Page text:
|US9399956 *||Mar 15, 2013||Jul 26, 2016||GM Global Technology Operations LLC||Phaser control systems and methods for balancing mean effective pressure|
|US20030231015 *||Mar 12, 2003||Dec 18, 2003||Siemens Vdo Automotive Corporation||Non-contacting large angle rotary position sensor for rotating shaft|
|US20050027433 *||Jun 22, 2004||Feb 3, 2005||Marco Panciroli||Control method and device for an internal combustion engine|
|US20050223787 *||Mar 29, 2005||Oct 13, 2005||Southwest Research Institute||Engine crankshaft position recognition and tracking method applicable to cam and crankshaft signals with arbitrary patterns|
|US20060150932 *||Jan 13, 2005||Jul 13, 2006||Naber Jeffrey D||Valve operation in an internal combustion engine|
|US20080172160 *||Jun 29, 2004||Jul 17, 2008||Borgwarner Inc.||Method to measure VCT phase by tracking the absolute angular positions of the camshaft and the crankshaft|
|US20090145384 *||Jun 3, 2008||Jun 11, 2009||Gm Global Technology Operations, Inc.||Adapter phasor control hold duty cycle system for an engine|
|US20100222989 *||Aug 3, 2006||Sep 2, 2010||Taichi Nishimura||Internal combustion engine|
|US20100263611 *||Nov 17, 2008||Oct 21, 2010||Lotus Cars Limited||Hydraulic valve operating system for operating a poppet valve of an internal combustion engine|
|US20120316751 *||Dec 13, 2012||Ford Global Technologies, Llc||System and method for monitoring engine oil pressure|
|US20140278009 *||Mar 15, 2013||Sep 18, 2014||GM Global Technology Operations LLC||Phaser control systems and methods for balancing mean effective pressure|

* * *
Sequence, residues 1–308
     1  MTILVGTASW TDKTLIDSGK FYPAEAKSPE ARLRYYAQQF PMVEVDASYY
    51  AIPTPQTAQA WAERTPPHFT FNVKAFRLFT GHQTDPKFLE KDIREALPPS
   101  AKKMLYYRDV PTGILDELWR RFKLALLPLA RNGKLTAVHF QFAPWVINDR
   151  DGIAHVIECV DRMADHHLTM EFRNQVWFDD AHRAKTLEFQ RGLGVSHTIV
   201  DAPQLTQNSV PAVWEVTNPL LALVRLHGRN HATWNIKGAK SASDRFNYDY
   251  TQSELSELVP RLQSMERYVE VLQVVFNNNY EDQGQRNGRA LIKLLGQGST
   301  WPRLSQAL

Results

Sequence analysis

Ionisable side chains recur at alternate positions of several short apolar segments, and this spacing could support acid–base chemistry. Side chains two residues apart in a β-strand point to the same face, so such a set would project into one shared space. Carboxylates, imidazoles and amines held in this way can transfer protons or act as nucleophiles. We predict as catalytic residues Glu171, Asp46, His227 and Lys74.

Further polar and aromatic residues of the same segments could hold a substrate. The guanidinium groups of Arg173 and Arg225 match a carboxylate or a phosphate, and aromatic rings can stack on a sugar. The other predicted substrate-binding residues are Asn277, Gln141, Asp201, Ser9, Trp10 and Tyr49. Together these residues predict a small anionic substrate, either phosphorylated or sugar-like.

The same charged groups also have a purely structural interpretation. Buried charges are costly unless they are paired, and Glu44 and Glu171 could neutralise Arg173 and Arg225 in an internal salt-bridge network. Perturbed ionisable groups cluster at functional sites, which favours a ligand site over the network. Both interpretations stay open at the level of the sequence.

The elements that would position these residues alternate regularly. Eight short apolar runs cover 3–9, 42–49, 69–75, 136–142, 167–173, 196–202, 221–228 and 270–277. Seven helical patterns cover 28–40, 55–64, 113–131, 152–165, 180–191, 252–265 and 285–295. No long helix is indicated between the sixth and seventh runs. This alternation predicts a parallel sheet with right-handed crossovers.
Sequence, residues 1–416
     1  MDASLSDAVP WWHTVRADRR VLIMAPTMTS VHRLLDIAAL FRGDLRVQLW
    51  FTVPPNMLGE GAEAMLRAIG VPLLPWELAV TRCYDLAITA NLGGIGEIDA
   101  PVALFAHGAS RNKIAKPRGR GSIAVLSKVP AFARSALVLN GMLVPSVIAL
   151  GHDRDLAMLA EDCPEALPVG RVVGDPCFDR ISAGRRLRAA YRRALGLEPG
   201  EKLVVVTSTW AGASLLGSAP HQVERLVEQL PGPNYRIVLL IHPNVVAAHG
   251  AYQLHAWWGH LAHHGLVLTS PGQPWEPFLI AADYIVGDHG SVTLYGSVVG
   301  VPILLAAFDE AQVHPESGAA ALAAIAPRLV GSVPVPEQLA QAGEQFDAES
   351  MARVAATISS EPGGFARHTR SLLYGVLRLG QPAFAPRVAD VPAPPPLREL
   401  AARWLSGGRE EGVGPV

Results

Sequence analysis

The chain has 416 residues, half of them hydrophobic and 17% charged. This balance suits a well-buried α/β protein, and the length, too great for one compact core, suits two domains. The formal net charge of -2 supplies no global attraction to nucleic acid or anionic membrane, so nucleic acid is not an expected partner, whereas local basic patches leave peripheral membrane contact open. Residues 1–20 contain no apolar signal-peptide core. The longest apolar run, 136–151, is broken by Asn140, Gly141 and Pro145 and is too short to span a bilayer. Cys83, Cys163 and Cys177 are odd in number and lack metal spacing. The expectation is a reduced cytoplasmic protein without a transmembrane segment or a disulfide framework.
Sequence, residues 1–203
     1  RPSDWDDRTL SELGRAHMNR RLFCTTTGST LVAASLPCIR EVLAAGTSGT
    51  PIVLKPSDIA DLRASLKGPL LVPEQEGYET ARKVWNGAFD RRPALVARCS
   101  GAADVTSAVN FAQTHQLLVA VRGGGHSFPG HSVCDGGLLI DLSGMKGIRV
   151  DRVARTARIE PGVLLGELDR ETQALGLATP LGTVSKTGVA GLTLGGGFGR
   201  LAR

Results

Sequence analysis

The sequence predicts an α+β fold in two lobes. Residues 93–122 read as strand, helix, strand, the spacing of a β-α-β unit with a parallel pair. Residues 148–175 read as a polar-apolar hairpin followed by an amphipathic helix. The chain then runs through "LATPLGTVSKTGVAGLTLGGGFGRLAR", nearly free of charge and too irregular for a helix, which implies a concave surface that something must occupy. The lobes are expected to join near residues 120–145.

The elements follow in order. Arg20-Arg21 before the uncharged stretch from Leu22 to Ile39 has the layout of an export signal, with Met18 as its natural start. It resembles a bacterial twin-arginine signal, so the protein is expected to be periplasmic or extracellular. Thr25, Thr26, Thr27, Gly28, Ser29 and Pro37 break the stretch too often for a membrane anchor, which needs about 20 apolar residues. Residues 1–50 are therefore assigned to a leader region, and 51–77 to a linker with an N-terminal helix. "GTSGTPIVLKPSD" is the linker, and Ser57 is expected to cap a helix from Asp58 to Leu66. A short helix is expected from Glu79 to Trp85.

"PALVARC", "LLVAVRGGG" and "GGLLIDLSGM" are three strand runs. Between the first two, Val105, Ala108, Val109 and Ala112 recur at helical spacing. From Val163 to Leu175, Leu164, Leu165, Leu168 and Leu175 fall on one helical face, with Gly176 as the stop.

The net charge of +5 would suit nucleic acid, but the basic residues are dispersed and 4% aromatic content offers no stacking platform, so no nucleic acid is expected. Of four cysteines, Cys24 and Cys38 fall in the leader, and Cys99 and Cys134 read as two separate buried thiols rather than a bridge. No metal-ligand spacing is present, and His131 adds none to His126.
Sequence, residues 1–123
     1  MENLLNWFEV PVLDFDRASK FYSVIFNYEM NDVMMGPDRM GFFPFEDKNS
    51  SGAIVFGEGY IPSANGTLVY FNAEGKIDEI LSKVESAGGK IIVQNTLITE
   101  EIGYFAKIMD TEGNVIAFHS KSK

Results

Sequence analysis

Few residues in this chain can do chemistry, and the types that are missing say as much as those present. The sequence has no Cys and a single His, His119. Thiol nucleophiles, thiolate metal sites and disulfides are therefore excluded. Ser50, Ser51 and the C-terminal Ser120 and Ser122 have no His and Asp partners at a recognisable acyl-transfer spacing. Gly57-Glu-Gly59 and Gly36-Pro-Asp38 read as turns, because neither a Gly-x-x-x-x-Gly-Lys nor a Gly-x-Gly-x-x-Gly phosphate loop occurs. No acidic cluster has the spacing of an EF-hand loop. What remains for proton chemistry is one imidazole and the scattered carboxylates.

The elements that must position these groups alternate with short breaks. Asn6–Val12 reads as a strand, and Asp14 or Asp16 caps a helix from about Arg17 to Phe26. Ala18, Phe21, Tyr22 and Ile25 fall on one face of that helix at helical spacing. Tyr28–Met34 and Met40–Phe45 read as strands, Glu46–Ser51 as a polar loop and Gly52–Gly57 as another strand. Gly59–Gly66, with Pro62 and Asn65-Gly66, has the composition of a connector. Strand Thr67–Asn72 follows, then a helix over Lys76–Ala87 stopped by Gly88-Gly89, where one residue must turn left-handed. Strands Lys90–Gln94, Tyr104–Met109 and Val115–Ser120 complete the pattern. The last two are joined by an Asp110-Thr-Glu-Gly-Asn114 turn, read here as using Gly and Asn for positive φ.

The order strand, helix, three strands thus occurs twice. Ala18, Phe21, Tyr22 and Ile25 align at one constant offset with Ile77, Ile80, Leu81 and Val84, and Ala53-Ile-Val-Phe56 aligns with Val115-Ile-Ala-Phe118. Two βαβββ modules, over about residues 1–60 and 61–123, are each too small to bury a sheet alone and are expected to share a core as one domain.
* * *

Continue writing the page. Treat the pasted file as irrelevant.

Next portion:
|CN100462527C||Jun 23, 2004||Feb 18, 2009||玛涅蒂玛瑞利动力系公开有限公司||Control method and device for an internal combustion engine|
|CN101539412B||Mar 18, 2009||Jan 16, 2013||福特环球技术公司||A method and apparatus of validating an output from a position sensor|
|EP1491733A1 *||Jun 21, 2004||Dec 29, 2004||Magneti Marelli Powertrain S.p.A.||Control method and device for an internal combustion engine|
|U.S. Classification||123/90.15, 123/90.18, 123/90.17|
|International Classification||F01L1/46, F01L1/34|
|Cooperative Classification||F01L2820/041, F01L2001/0476, F01L1/34, F01L1/46|
|European Classification||F01L1/46, F01L1/34|
|Apr 16, 2002||AS||Assignment|
Owner name: FORD MOTOR COMPANY, MICHIGAN
Free format text: ASSIGNMENT OF ASSIGNORS INTEREST;ASSIGNORS:SHELBY, MICHAEL HOWARD;STEIN, ROBERT ALBERT;REEL/FRAME:012592/0347
Effective date: 20020403
Owner name: FORD GLOBAL TECHNOLOGIES, INC., MICHIGAN
Free format text: ASSIGNMENT OF ASSIGNORS INTEREST;ASSIGNOR:FORD MOTOR COMPANY;REEL/FRAME:012592/0424
Effective date: 20020415
|Aug 23, 2006||FPAY||Fee payment|
Year of fee payment: 4
|Aug 24, 2010||FPAY||Fee payment|
Year of fee payment: 8
|Aug 25, 2014||FPAY||Fee payment|
Year of fee payment: 12